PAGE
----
Celebrating the 50th Anniversary of the Stonewall Riots
We wanted to take a moment to remember and celebrate one of the events that gave birth to the LGBT+ rights movement.
Designed for the 50th anniversary of the Stonewall riots, our collection of four mugs memorialise and celebrate the uprising. The photographic mug features a quote from Sylvia Rivera, an incredible trans activist who witnessed and took part in the riots. Our two ‘The first pride was a riot’ mugs celebrate the uprising itself and the two rainbow mugs are a testament to the vibrancy and positivity of the ongoing LGBT+ rights movement.
What were the Stonewall Riots?
The early hours of June 28th 1969 saw violence break out during a police raid at the Stonewall Inn on Christopher Street in New York. Frequented by the gay community, the Stonewall Inn was well used to being raided, but this night was different as the patrons and community pushed back against the brutality of the corrupt police force. Spurred by the manhandling of a drag queen as she was forced into the back of a patrol wagon, the gathering crowd started hitting back, forcing the police to take refuge in the Stonewall Inn – which then itself became the target of bottles and stones before having its door beaten down by an uprooted parking meter that had become a makeshift battering ram.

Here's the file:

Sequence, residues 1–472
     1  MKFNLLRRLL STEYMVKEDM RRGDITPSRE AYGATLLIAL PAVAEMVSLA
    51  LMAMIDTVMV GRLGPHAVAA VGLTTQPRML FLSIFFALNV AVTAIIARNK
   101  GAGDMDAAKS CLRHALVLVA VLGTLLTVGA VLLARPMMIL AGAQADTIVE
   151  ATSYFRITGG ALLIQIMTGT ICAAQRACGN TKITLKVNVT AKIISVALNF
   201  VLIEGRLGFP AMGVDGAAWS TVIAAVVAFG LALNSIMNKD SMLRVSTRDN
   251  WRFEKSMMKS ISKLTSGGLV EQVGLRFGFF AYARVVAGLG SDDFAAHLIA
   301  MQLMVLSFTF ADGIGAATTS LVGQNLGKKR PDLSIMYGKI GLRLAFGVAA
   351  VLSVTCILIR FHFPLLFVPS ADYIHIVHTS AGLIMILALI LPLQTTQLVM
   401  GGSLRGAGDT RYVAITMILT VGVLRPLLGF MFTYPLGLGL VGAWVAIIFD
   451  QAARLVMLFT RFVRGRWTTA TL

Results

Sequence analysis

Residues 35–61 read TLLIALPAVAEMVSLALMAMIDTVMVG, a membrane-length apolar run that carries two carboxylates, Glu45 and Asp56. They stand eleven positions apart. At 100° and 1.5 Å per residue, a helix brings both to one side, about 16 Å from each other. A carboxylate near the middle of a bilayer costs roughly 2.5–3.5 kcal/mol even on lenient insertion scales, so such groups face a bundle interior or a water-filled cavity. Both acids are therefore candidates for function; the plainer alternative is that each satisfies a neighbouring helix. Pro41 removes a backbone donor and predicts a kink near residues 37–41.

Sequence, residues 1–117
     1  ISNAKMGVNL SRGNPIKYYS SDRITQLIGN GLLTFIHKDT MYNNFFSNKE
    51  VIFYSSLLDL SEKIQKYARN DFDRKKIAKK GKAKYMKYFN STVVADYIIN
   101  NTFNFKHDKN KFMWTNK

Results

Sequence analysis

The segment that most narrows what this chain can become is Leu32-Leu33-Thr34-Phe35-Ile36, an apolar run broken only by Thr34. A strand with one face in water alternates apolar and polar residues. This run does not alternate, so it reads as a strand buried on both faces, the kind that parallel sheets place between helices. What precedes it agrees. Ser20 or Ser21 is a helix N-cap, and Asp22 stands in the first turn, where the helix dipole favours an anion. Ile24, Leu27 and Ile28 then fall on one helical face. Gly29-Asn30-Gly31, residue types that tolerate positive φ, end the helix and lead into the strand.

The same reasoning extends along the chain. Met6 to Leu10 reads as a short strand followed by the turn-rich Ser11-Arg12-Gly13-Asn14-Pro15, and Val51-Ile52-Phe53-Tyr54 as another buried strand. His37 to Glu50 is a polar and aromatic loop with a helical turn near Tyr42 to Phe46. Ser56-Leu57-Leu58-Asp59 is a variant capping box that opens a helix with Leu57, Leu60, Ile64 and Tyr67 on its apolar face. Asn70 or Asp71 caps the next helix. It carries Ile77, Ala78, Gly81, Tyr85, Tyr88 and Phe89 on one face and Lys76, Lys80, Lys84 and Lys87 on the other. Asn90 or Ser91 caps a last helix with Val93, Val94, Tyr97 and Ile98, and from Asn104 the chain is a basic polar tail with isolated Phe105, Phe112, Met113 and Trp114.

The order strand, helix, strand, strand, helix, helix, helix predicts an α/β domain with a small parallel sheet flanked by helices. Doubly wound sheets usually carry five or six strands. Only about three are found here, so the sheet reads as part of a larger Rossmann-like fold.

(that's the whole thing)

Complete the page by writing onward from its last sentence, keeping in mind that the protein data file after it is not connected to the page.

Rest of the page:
“We all had a collective feeling like we'd had enough of this kind of shit. It wasn't anything tangible anybody said to anyone else, it was just kind of like everything over the years had come to a head on that one particular night in the one particular place, and it was not an organized demonstration... Everyone in the crowd felt that we were never going to go back. It was like the last straw. It was time to reclaim something that had always been taken from us....”
The police, humiliated and beaten were forced to retreat but returned in greater numbers. Forming a phalanx they slowly marched forward, attempting to clear the streets. But the crowd openly mocked the charge, forming kick lines across the street from the advancing police.
“I just can't ever get that one sight out of my mind. The cops with the [nightsticks] and the kick line on the other side. It was the most amazing thing... And all the sudden that kick line, which I guess was a spoof on the machismo... I think that's when I felt rage. Because people were getting smashed with bats. And for what? A kick line.”
Eventually, by the early hours, the unrest died down but the next evening saw hundreds of people flood into the area around the Stonewall Inn which despite being badly damaged had reopened. Something had changed though and a feeling of liberation swept through the community. No longer were the LGBT+ community going to be cowed into their secretive bars and hideaways.
“From going to places where you had to knock on a door and speak to someone through a peephole in order to get in. We were just out. We were in the streets.”
“It was clear that things were changing. People who had felt oppressed now felt empowered.”
Whilst it wasn’t the first action in the LGBT rights movement, the actions of those two evenings fortified the feeling that the community wouldn’t be ashamed but rather would stand together, proud of their identities and free to love who they wanted.
1970 saw the first Christopher Street Liberation day, marking the first anniversary of the Stonewall riots. The modern Pride movement evolved from this celebration to become the international month long celebration that it is today.